“He died the year after I became a guidance counselor. Dave, Jackson, Rich, and I never went to the funeral. We didn’t feel like we should have. He never gave us anything good to remember in life except when he took one of us out for a car ride. He had a favorite child every time we turned around. Somehow Jackson had managed to be that kid most of the time,” I said.
A sigh brushed out Olivia’s lips like she knew exactly what I was talking about. In all truthfulness, she did. Baxter was just like him. I didn’t like to think that my sweet granddaughter would turn out like me. It was true that she wasn’t like me in my youth but that doesn’t mean she wouldn’t react the same.
“So why did he do what he did?” she asked, squeezing my hand slightly.
I sighed, “He liked to say that he was mean so that way he could make our skins thicker. I think that was partly true but that he was just a tormented man. My grandma on his side wasn’t exactly the greatest person.”
Silence except for the wretched beeping that was starting to slow. I took that second to close my eyes and lay my head back. There was a pounding on my head that was driving me wild. It hurt and was slowly spreading to the rest of my body.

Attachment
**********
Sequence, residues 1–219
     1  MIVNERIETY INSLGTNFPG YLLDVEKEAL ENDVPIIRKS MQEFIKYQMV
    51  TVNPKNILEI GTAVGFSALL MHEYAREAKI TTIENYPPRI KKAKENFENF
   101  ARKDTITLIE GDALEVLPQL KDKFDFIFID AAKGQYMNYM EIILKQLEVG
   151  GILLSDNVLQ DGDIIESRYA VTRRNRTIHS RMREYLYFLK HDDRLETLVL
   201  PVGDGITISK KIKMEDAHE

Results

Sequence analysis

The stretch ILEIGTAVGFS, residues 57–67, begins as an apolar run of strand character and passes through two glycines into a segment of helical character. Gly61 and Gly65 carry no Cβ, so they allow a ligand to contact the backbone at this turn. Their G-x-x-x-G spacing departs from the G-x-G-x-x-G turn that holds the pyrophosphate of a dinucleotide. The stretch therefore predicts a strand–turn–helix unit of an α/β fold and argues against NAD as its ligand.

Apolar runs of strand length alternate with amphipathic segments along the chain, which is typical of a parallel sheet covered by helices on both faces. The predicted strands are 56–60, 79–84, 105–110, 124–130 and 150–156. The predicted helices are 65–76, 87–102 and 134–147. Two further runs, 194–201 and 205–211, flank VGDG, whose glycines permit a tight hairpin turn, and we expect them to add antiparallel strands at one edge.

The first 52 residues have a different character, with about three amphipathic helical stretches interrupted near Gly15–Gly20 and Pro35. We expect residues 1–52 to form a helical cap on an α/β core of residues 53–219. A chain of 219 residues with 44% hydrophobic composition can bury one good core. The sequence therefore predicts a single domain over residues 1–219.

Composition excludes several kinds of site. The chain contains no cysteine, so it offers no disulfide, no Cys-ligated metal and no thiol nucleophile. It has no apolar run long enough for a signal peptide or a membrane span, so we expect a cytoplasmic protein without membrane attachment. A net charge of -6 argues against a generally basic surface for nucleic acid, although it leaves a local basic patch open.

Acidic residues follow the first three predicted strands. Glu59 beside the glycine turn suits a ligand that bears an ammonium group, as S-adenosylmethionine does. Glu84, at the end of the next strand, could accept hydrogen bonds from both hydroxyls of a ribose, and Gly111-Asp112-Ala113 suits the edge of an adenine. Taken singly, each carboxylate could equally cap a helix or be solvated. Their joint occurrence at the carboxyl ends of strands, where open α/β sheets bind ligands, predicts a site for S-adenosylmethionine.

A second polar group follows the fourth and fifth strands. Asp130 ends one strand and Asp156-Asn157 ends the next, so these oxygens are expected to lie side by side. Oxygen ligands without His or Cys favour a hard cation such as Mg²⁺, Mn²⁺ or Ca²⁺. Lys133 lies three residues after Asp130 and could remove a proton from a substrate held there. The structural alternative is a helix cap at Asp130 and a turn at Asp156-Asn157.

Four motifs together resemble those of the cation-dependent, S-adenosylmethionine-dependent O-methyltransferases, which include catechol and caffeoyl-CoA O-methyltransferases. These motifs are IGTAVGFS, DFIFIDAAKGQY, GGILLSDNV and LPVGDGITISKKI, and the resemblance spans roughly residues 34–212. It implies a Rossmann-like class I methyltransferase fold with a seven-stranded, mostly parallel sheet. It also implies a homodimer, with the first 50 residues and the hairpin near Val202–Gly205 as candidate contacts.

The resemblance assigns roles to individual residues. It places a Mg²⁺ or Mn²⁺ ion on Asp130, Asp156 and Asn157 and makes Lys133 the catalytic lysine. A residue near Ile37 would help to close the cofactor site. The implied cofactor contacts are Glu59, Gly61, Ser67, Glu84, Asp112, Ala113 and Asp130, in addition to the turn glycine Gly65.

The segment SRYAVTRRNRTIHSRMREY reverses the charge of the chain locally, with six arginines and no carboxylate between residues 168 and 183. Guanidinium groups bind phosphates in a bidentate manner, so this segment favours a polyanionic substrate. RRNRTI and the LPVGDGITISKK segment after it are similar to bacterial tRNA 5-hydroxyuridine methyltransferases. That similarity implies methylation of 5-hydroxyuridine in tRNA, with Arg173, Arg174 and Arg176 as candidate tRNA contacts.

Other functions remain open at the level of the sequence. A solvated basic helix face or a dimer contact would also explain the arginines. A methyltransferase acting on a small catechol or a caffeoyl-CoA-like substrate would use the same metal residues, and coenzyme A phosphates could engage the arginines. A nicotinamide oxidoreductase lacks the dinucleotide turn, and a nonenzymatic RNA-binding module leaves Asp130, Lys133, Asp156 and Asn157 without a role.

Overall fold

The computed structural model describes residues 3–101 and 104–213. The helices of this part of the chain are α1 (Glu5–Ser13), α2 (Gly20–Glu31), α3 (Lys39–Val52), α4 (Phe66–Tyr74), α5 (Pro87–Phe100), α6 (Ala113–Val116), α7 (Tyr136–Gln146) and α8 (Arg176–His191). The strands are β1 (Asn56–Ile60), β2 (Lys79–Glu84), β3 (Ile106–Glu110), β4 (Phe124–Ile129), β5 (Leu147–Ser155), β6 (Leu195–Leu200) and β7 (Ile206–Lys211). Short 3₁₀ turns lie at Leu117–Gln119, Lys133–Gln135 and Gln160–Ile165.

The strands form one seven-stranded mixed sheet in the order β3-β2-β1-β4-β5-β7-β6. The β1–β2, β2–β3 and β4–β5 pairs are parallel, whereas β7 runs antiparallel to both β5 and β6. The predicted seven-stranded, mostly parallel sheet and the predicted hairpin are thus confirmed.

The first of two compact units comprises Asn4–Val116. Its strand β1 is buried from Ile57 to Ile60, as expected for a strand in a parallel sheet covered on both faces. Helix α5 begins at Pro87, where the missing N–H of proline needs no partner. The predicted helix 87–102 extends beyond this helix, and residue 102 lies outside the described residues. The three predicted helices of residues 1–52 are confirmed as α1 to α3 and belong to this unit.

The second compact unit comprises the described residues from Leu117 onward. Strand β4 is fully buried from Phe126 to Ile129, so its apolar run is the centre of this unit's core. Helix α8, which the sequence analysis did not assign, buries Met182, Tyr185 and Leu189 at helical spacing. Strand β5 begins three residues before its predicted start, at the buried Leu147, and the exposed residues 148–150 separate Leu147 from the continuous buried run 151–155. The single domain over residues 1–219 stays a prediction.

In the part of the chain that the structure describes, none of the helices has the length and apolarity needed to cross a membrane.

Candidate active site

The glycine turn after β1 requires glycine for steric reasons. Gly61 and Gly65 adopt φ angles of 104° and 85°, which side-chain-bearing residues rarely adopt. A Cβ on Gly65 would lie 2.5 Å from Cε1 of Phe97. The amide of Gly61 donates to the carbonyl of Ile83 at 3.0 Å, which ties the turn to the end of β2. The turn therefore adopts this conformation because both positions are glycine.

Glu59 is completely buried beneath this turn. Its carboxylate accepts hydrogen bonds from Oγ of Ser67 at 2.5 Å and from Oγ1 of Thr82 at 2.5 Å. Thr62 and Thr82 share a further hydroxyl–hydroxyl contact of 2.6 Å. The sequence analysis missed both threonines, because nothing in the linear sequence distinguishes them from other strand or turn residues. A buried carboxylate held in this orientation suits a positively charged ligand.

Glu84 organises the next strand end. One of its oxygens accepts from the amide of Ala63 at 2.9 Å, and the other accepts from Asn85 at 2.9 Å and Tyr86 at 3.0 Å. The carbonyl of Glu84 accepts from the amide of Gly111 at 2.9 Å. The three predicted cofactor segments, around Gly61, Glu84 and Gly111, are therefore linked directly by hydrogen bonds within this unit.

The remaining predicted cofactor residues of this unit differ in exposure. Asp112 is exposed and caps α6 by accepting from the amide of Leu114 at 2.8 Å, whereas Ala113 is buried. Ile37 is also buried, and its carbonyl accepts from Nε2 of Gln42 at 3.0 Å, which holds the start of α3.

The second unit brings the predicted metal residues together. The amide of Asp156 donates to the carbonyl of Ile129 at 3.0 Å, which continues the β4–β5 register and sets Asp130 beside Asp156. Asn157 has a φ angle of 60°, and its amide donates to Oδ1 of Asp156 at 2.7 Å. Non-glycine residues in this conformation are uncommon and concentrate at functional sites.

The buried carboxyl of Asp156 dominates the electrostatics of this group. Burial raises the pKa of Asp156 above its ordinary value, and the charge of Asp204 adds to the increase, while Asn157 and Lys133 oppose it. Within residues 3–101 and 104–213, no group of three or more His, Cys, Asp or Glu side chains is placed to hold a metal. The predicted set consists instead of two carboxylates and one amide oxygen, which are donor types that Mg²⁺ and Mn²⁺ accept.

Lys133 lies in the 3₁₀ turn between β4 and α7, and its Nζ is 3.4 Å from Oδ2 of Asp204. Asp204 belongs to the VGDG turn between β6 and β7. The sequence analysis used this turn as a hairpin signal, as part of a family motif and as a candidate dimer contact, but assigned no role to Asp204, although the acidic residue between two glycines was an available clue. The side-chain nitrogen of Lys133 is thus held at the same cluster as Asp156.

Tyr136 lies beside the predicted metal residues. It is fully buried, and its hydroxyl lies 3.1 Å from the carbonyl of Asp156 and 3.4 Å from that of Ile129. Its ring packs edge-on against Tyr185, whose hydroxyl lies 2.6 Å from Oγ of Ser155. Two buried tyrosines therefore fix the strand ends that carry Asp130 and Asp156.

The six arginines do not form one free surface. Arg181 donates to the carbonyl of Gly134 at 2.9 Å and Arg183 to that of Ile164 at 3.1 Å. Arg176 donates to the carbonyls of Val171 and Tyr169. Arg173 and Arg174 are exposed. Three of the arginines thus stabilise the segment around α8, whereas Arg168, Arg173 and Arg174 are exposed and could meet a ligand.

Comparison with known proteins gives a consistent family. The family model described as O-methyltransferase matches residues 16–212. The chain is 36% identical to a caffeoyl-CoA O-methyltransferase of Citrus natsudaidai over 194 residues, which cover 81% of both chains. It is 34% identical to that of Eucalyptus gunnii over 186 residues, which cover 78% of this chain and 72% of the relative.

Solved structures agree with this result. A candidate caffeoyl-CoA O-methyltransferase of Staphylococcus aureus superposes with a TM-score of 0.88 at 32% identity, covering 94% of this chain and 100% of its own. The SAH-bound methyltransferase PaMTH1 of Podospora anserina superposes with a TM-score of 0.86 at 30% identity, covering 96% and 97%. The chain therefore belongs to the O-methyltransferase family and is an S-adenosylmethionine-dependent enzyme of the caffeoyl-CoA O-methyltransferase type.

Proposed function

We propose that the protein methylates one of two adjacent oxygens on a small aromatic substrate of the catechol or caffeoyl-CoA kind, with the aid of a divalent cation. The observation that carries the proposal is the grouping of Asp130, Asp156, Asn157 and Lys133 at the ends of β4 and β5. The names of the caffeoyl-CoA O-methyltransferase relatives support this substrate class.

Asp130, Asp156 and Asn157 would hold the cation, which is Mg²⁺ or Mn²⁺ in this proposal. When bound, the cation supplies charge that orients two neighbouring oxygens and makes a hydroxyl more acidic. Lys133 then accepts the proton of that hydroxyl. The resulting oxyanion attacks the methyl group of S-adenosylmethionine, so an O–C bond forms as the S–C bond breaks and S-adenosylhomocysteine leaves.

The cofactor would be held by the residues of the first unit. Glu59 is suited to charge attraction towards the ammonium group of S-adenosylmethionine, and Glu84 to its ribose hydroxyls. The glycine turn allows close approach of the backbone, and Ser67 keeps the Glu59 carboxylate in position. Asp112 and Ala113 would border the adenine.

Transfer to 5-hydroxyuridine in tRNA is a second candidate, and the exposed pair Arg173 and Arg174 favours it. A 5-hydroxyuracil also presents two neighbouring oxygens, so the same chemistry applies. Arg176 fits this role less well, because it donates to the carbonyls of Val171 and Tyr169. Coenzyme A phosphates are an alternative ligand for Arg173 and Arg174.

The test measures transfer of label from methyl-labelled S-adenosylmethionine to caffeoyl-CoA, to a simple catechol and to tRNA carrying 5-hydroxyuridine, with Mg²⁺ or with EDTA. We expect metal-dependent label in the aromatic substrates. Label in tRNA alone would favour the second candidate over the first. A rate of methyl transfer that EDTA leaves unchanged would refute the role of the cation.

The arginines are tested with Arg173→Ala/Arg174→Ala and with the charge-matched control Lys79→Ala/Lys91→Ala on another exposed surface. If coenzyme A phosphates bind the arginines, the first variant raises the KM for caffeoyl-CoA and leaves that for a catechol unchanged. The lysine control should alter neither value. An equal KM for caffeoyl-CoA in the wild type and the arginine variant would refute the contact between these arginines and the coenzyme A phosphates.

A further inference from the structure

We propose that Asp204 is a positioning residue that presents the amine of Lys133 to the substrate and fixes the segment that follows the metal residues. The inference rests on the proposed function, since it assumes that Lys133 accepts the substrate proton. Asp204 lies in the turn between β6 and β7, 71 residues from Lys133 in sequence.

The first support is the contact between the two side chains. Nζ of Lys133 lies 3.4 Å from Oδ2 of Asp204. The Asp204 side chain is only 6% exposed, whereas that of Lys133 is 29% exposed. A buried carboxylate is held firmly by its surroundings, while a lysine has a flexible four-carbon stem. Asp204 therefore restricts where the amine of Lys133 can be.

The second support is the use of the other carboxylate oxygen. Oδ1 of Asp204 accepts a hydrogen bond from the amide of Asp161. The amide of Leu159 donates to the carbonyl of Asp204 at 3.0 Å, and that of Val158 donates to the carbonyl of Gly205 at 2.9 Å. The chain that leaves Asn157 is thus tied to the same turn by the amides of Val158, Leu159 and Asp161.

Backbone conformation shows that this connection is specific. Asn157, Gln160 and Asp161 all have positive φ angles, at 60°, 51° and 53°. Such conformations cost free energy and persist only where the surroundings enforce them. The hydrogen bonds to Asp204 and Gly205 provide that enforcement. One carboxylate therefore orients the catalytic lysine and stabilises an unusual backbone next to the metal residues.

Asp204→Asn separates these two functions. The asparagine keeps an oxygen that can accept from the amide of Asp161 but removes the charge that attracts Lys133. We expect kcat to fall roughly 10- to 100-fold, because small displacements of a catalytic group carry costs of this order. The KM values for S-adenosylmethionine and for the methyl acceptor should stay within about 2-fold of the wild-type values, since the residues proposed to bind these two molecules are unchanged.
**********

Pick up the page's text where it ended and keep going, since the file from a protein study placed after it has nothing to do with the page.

“Why did you become a guidance counselor?” she asked.
When I open my eyes, I saw her staring at me warily. Olivia had noticed the heart monitor gradually coming to the slow pace that meant the end.
“I became a guidance counselor to help those out that were like me, hurt, scared, abused, inflicting self-harm . . . they needed someone to talk to and I was that person,” I said. “There was one person that was really bad. Her parents went through a divorce after she had watched her brother die. Before all of that, she watched her best friend blow his brains out. There were more like her but never did they take it that hard.”
“I hadn’t told you but she visited me. It was nice to be able to converse with someone that had been the first person I confided in even though she was supposed to confide in me. You know the story. But, at the end of her visit, she gave me three little words ‘It went on.'”
We shared a knowing look. When I had been in better health, we shared tragic stories that we had found exceptionally interesting. Most of hers had come from books while mine had come from the children that had come and talked to me. She had found Kay’s to be as intriguing as I had. When Kay started to walk down the aisle of the school, waiting for her diploma, I had said ‘Life goes on.’ That had been Olivia’s favorite part of Kay’s story.
“How did you stay strong through all of that?”
I swallowed the lump in my throat. It was here. The light meant death. It was so warm and inviting that it was impossible to want to stay where I was.
“I didn’t know I was strong. In the moments I was alone, I took a step back and thought over everything. You need people that you love and trust to help you through. Nobody can be strong on their own, my dear, no matter how hard they try.”
I stepped through the light, watching as the one who loved me more than she loved herself stare blankly at my deceased form. A tear slipped ever so subtly down her cheek and landed lightly on her dark jacket.
I had died in a hospital bed in a hospital room with my hand in my granddaughter’s. Nothing had ever been so peaceful and grand.